Nature Materials, Vol.8, No.6, 481-484, 2009
Controlling interpenetration in metal-organic frameworks by liquid-phase epitaxy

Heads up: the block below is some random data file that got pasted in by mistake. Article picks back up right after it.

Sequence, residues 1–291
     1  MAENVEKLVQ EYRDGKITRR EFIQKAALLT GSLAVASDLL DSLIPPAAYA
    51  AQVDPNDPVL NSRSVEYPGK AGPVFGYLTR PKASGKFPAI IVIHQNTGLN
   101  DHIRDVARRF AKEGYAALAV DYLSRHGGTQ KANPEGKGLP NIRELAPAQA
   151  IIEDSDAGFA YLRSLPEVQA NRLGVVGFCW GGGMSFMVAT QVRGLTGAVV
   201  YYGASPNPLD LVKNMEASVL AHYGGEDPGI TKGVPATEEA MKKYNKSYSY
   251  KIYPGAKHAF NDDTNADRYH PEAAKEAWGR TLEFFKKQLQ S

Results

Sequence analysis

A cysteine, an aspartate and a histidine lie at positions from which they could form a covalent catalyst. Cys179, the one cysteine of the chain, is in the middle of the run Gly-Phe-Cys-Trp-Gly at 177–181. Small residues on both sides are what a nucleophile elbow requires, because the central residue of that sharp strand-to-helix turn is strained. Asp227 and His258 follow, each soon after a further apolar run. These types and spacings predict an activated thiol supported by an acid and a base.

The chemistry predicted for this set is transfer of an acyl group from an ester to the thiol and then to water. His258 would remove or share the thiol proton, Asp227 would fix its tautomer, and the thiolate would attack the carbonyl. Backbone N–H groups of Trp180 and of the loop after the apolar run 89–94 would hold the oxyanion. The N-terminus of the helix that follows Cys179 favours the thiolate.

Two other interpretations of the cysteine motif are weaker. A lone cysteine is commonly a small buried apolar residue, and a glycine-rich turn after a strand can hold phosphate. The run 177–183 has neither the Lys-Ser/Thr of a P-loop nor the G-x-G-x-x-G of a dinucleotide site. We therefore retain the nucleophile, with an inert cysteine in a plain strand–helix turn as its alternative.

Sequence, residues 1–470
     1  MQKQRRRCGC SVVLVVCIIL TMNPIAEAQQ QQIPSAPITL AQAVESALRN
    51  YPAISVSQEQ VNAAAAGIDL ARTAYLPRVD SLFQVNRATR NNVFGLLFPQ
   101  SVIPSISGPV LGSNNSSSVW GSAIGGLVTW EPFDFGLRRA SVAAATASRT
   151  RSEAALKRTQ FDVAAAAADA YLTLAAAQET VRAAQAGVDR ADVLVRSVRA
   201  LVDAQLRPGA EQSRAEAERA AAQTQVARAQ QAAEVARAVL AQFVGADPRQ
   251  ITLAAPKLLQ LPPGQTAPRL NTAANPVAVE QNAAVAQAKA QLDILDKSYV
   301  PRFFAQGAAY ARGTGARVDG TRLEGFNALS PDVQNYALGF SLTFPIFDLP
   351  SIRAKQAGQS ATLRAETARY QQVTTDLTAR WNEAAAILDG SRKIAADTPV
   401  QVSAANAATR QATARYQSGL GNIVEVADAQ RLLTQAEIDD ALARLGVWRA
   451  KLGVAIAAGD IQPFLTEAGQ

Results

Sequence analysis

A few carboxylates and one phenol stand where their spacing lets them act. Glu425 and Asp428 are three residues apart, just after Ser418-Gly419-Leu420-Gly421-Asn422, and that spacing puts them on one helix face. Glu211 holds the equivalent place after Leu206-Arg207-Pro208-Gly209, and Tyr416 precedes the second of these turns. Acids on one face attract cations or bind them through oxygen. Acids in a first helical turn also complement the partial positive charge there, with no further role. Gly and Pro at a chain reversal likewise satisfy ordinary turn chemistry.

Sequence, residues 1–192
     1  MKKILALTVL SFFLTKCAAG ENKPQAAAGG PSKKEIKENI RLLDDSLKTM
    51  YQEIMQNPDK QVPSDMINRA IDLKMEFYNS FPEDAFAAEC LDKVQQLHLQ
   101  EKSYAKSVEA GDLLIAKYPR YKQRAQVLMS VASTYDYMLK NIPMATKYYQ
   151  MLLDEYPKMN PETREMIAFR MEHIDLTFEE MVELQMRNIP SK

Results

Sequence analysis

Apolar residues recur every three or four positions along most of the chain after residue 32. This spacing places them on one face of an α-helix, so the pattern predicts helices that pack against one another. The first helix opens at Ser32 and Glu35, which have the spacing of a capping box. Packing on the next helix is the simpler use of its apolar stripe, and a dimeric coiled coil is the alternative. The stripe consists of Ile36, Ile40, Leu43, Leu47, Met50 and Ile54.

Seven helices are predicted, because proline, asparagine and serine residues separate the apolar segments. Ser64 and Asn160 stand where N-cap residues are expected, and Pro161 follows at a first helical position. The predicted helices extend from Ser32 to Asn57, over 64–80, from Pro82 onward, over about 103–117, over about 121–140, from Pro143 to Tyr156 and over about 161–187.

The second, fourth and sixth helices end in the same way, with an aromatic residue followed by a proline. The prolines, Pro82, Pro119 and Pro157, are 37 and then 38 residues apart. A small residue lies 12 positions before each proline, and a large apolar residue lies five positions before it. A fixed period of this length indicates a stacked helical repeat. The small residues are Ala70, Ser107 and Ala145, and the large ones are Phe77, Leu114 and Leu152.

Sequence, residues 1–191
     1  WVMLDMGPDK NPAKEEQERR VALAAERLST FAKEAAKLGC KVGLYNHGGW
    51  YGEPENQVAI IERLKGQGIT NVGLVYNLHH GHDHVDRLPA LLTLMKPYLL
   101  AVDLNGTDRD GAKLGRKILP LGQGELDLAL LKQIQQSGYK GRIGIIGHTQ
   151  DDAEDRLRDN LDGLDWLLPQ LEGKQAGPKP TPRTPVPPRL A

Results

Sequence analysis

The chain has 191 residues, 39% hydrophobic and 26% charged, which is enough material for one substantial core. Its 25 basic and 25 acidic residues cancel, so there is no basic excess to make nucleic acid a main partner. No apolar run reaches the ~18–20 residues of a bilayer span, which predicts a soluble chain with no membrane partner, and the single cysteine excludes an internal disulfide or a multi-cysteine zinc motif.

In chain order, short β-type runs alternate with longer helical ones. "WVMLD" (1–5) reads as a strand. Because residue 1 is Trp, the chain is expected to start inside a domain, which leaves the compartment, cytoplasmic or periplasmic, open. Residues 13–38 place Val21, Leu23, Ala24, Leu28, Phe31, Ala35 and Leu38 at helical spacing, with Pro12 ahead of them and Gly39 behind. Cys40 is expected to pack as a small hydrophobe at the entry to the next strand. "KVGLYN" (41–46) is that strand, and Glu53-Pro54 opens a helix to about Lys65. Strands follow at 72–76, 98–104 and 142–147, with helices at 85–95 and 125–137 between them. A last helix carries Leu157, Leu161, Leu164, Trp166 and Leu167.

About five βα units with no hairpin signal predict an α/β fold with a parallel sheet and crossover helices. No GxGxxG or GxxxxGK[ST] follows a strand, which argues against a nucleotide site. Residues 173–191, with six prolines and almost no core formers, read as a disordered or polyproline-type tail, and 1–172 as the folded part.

Metal-organic frameworks (MOFs) are highly porous materials generally consisting of two building elements: inorganic coupling units and organic linkers(1-4). These frameworks offer an enormous porosity, which can be used to store large amounts of gases and, as demonstrated in more recent applications(5,6), makes these compounds suitable for drug release. The huge sizes of the pores inside MOFs, however, also give rise to a fundamental complication, namely the formation of sublattices occupying the same space. This interpenetration greatly reduces the pore size and thus the available space within the MOF structure(7). We demonstrate here that the formation of the second, interpenetrated framework can be suppressed by using liquid-phase epitaxy on an organic template. This success demonstrates the potential of the step-by-step method to synthesize new classes of MOFs not accessible by conventional solvothermal methods.